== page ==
Yet another in our seasonal series on Bites showcasing the rich, ruby-red diversity of beet recipes across our dining landscape. If you encounter exceptional uses of beets in your dining rounds this summer, please submit them for inclusion in The Beet Beat.
It has become apparent that much of Nashville suffers under the onslaught of piles of beets within the bushels of our respective CSA shares. But rather than complain, some competitive Nashvillagers have taken up the challenge of the Beta Vulgaris and are vying for the Mangold medal.
Rachel Lehman, the co-owner and self-proclaimed Chief of Dishwashing at Crema got to talking about the surfeit of beets in her basket with one of her regular customers, Ben Frank. They decided to put their culinary minds to the test in a good old-fashioned Beet Down. (Kudos to all involved for avoiding the obvious dirty joke here. Must! Hit! Return!)
With his opening salvo, Ben went straight for the big guns: pork. And not just any pork...Italian pork. Rachel admitted that bacon was the first thing that came to her mind when considering how to make her beet neat. But Ben's prosciutto-topped beet crostini have set the bar pretty high.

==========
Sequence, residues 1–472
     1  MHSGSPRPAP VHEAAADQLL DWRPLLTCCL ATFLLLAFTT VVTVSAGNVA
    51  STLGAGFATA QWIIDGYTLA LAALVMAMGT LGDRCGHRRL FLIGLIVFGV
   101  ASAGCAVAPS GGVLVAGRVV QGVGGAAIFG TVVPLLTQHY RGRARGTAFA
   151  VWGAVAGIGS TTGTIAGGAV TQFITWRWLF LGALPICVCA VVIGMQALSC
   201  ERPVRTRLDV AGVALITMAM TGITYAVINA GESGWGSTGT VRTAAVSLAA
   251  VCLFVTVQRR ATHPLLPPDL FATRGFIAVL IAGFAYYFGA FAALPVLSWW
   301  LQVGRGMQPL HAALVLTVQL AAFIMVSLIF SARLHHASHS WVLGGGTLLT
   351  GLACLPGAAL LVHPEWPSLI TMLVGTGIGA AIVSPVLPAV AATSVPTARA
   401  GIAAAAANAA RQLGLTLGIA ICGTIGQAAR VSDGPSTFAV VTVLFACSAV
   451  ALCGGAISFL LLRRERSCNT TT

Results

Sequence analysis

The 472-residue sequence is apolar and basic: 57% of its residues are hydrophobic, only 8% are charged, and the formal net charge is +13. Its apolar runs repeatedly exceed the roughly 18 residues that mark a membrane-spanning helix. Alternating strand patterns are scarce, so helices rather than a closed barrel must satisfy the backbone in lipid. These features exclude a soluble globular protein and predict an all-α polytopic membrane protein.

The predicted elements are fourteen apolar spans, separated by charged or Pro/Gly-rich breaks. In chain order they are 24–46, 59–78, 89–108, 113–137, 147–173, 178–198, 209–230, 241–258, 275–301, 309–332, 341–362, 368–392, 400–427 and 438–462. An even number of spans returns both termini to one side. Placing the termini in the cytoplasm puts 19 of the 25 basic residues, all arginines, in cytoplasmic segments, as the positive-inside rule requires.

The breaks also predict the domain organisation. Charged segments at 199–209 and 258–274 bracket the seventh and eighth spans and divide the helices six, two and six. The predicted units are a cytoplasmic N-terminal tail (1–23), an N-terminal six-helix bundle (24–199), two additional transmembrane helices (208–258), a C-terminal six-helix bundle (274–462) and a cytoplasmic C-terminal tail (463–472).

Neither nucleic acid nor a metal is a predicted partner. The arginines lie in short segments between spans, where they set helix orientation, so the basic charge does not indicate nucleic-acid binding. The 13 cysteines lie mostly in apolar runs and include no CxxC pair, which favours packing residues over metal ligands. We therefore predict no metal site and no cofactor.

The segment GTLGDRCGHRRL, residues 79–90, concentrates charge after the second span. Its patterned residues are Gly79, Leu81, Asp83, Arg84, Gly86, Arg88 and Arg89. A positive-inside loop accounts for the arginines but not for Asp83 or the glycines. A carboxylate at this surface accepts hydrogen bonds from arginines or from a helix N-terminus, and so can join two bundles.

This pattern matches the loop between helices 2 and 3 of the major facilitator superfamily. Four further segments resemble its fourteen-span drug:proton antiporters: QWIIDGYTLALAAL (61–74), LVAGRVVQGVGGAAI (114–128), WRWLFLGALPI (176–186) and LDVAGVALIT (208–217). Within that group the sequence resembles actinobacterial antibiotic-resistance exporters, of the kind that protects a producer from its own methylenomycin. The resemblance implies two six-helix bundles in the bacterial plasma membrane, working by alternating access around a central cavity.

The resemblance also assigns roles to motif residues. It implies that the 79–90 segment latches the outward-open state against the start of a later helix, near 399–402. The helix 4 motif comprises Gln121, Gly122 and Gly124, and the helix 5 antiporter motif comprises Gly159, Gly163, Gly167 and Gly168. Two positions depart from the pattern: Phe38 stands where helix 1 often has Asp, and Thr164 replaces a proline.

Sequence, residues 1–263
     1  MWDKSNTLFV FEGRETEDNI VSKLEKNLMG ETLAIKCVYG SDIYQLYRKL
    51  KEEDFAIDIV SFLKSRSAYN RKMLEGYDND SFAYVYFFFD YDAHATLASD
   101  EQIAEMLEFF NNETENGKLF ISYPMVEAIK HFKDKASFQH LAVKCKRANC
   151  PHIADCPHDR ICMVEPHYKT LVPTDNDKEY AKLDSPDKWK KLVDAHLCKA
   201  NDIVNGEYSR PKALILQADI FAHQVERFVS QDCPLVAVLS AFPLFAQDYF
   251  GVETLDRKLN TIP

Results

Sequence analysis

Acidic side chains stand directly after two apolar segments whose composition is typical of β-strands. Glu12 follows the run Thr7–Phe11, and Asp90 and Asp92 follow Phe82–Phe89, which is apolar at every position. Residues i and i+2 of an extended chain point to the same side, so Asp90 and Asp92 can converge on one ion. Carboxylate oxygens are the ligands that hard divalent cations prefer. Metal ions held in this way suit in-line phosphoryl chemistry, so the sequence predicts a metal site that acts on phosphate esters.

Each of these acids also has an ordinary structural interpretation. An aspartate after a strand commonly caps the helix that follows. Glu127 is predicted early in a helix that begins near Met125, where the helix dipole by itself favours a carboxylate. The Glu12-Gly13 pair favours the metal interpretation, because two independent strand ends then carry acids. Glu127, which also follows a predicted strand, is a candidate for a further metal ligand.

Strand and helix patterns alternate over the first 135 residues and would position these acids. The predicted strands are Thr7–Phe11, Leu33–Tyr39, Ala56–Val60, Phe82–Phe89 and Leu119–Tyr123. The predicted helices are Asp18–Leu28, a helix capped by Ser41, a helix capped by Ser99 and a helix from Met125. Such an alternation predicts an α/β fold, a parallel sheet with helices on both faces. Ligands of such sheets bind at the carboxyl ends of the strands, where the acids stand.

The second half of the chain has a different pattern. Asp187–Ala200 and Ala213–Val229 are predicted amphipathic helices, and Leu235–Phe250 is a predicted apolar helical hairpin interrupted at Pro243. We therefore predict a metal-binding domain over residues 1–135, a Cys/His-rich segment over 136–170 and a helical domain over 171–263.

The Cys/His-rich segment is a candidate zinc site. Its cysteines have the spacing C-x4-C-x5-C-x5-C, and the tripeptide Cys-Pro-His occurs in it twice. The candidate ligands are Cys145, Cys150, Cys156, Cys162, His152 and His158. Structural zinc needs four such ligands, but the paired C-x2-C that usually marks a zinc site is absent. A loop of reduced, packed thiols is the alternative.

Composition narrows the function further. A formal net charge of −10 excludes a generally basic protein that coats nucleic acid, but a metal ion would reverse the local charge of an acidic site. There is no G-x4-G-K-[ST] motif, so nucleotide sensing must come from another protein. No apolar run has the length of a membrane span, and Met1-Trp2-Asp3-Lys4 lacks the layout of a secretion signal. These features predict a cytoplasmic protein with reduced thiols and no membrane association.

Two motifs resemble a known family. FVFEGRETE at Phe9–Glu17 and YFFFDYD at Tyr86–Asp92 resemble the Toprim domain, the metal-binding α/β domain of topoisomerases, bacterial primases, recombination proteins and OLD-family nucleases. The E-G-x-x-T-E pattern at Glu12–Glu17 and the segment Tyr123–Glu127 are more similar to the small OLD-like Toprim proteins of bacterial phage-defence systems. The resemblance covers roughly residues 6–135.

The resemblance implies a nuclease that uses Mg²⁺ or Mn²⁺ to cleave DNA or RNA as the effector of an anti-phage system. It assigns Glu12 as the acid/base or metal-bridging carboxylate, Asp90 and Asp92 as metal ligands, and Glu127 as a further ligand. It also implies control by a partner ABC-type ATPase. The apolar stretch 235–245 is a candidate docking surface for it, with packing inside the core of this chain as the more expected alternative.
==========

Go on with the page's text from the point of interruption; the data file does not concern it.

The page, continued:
Check out this food porn.
Ben's recipe follows after the jump.
A recent birthday visit to Zola restaurant--the traditional birthday dining room for the Foxes--brought to mind one of the all-time great beet vehicles: chef Deb Paquette's Beet and Heat salad. When I asked Deb if she would share the recipe with the Bites Beet Beat, here's what the self-avowed beet fanatic said:
It is amazing how the "dirt" veg has risen to fame. And the end result being a "grateful dead" toilet visual! (Do you know how may peeps go to hospital after eating beets and freaking out? Amazing.) Maybe there should be a warning label on them: "Be Aware--Fecal Surprise" or "Consumption of this product may cause psychological anal seepage" or "After eating beets don't poop in the ocean, may cause shark attacks!"